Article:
Stockholm Fashion Week Canceled Over Sustainability Concerns

by | Jul 2, 2019

Stockholm Fashion Week Canceled Over Sustainability Concerns

(Photo: Stockholm Fashion Week in 2015. Credit: Stockholm Fashion Council)

The Swedish Fashion Council has canceled this summer’s Stockholm Fashion Week, originally scheduled to take place at the end of August. Citing concerns over sustainability, the council plans to introduce a new platform and setup this autumn.

First started in 2005, Stockholm Fashion Week normally showcases Swedish designers and brands to the press, potential buyers, and influencers from around the world twice each year. The most recent one took place in February.

The decision to cancel the next event was based on the need to have a transition that ensures the fashion industry’s survival, the Swedish Fashion Council (SFC) indicated in a Swedish press release.

“Fashion Week, like the fashion industry as a whole, faces major challenges to meet the demands of sustainability, innovation, relevance, and timing that are being set today,” said Jennie Rosén, CEO of the Swedish Fashion Council. Many forward-looking reports show this, and yet the industry is in limbo, and this is pushing the Swedish fashion scene in the wrong direction, Rosén added. “That’s why we need to act.”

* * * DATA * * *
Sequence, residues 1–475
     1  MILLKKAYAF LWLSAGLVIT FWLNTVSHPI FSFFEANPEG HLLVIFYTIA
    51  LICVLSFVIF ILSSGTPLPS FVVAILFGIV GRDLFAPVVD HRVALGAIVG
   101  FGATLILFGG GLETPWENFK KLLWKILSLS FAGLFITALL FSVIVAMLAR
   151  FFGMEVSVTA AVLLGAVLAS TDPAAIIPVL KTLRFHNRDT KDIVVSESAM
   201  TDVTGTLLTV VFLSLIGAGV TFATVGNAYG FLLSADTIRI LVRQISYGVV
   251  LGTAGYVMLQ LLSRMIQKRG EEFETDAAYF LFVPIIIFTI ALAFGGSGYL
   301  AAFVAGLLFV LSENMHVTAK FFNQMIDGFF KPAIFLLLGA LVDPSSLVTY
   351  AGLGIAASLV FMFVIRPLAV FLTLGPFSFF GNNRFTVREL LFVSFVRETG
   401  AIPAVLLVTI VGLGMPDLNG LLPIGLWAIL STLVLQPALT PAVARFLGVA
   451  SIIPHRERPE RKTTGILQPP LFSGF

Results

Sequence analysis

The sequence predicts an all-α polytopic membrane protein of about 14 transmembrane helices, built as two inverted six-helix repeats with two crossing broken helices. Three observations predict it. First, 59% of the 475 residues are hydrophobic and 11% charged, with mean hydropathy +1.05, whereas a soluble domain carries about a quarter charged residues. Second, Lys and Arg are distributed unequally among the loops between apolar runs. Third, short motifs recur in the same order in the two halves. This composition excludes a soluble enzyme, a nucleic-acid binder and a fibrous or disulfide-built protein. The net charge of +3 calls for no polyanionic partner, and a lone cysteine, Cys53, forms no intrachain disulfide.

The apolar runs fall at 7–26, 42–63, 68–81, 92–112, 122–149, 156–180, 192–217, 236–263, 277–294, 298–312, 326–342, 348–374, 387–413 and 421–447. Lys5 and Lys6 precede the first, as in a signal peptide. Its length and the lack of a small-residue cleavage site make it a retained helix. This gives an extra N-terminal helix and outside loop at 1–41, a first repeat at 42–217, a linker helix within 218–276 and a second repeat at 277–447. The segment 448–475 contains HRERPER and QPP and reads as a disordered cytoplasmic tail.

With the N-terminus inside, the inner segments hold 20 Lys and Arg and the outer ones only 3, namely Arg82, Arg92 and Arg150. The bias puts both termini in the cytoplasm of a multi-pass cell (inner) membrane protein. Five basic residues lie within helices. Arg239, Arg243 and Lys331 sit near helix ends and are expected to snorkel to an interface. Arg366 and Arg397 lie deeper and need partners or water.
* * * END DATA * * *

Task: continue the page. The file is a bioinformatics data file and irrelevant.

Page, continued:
In the digital era, old truths are changing and the fashion industry needs sustainable business models and formats that generate new revenue, the SFC says. Examples cited by the council include fashion rentals, swaps, repairs, and buy-backs.

“The announcement follows ongoing conversations surrounding the demise of fashion week and whether its usual format of putting on shows to buyers and the media still makes sense for most brands,” Sarah Young wrote in the Independent.

SFC calls the need for better platforms a great one, and announced the launch of a Fashion Innovation Center — an independent accelerator where the fashion industry meets tech through knowledge-sharing collaborations. Over the past seven years, the Swedish fashion industry has grown by more than 60% and exports have risen by nearly 90%, according to the council. Turnover is more than $34 billion (SEK 320 billion).

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